Aside from the obvious benefits to mankind of reducing poverty, how would promoting more economic equality around the world benefit the environment?
—Steele Shapiro, Seattle, WA
Research has shown that in countries with a wide disparity between rich and poor, environmental protection tends to be a lower priority. The inverse is also true: Countries with greater economic equality assign higher priority to safeguarding their environment.
The main determining factor seems to be that lower income people tend to vote against spending tax dollars on what are deemed costly or discretionary environmental projects. In countries with less disparity between rich and poor, such as throughout Scandinavia, environmental protection is assigned a higher priority and governments have enacted more stringent regulations and policies accordingly.
University of Rochester researchers Laura Marsiliani and Thomas Renstrom reviewed hundreds of academic studies of linkages between economic equality and environmental protection and found plenty of evidence to suggest that “poorer individuals tend to prefer less stringent environmental policy.” Previous research also supports their hypothesis that greater income inequality causes lower environmental taxes, regulation and spending around the world.
On a related front, a team of McGill University researchers uncovered a connection between growing economic inequality and an increase in the number of plant and animal species threatened with extinction. Dr. Greg Mikkelson of McGill’s School of Environment led the study, which looked at income inequality and biodiversity loss on two different scales: among 45 countries worldwide; and among 45 U.S. states. The researchers found that the same general trend is evident in both cases: Societies with more unequal distribution of income experience greater losses of biodiversity.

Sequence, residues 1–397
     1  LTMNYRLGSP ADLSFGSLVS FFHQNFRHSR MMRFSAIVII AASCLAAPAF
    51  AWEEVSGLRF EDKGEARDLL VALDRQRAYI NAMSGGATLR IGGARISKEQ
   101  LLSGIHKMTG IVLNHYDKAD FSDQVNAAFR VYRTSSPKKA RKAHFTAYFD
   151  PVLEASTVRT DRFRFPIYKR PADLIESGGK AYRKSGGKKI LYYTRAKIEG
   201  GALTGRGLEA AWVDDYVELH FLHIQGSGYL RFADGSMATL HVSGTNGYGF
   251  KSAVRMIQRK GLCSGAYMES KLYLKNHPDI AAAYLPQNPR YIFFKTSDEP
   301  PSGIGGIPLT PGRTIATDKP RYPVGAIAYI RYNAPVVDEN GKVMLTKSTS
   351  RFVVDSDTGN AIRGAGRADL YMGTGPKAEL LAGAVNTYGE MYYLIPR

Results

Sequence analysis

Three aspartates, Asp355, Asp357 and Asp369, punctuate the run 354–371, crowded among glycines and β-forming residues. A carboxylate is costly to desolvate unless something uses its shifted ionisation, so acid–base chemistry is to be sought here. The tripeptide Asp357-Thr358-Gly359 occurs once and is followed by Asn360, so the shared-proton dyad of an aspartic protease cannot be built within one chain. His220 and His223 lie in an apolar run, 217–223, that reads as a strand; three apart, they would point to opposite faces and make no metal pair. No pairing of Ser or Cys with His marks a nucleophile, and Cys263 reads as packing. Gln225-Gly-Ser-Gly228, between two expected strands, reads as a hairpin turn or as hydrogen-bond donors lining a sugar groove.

While there is often a trade-off between economic growth and environmental quality, says Mikkelson, his study suggests that there is also synergy between removing or reducing poverty and greater conservation of biological diversity. If the U.S. were to achieve levels of income parity comparable, say, to Sweden, some 44 percent fewer plant and animal species in the U.S. would be in danger of extinction. “Our study,” adds Mikkelson, “suggests that if we can learn to share economic resources more fairly with fellow members of our own species, it may help us to share ecological resources more fairly with other species.”
One group working to help the environment by bridging the economic equality gap is the Poverty Reduction and Environmental Management (PREM) program at the Institute for Environmental Studies at Holland’s Vrije Universiteit. Formulated by Dr. Pieter van Beukering and Kim van der Leeuw, the program has lined up researchers in 16 developing nations to develop case studies showing how sustainability-oriented natural resource management can lead to economic development for poorer people. The researchers hope that their work in the field will help show policymakers the way toward enlightened regulatory practices that encourage both economic equality and environmental protection.